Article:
A 12-year-old Little League World Series player from Utah was in critical condition Tuesday after his family said he suffered a head injury when he fell off the top bunk of a bed in a dorm complex. It was in
Easton Oliverson is a pitcher and outfielder for the Snow Canyon team in Santa Clara, Utah. The Little League World Series is scheduled to open in Williamsport on Wednesday. His father, Jace Oliverson, is the team’s assistant coach.
“I have always been a firm believer in prayer and the power that comes with it. I feel that if people continue to gather around us, he will make a full recovery,” Oliverson told KSL-TV. “It’s slow now. They keep telling me it’s a cross-country race.”
Oliverson provided an update on his son’s condition via Facebook, saying doctors had told him that his son had perforated an artery, causing a hemorrhage in his brain and that part of his skull would need to be removed.
Oliverson and his wife Nancy are in the hospital with their son.
The boy’s uncle, who serves as a spokesperson for the family, told the Associated Press on Tuesday that Easton fell out of bed and hit his head while he was sleeping.
In a phone interview, Spencer Beck said, “We’re just recovering from him.” He said that if he hadn’t had the surgery, he would have died within 30 minutes.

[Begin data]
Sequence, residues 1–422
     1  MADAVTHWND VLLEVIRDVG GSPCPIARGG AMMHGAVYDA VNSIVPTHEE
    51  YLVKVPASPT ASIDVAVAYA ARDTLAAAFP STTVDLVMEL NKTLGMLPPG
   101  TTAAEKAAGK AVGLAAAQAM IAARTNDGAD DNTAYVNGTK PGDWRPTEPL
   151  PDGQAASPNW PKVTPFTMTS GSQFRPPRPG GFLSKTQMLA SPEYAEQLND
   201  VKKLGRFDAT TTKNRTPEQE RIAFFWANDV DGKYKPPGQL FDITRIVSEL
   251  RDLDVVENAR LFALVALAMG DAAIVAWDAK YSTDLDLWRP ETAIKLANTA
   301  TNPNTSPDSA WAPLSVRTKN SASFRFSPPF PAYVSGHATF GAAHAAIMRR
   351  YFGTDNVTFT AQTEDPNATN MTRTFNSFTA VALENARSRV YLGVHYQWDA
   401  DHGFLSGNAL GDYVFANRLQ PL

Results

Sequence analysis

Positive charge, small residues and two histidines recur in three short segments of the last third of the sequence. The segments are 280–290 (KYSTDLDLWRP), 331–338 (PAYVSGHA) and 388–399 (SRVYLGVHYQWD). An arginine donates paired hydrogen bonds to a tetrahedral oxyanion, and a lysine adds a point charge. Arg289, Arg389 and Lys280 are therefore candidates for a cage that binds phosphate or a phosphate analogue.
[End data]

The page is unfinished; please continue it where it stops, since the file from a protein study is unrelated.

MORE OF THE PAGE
According to Beck, Easton is still using a breathing tube.
A Little League World Series official spoke with Oliverson’s family on Tuesday and released a statement saying, “We are delighted to hear that his medical team is encouraged by his progress.”
The Santa Clara team is the first from Utah to advance to the Little League World Series. Snow Canyon will play its first game on Friday against the winners of the teams from Massachusetts and Tennessee.
“It’s hard not to let Easton play, but they’re still from this community. This is a historic moment for the state, Little League and our community,” Beck said. I’m rooting for them and maybe they’ll take a little inspiration from Easton and win everything, which is great.
A family has set up a Venmo account for a child nicknamed “Tank” to help with bills and expenses.
“When Easton wakes up, we want to make sure he’s mentally there and can progress from there,” Beck said.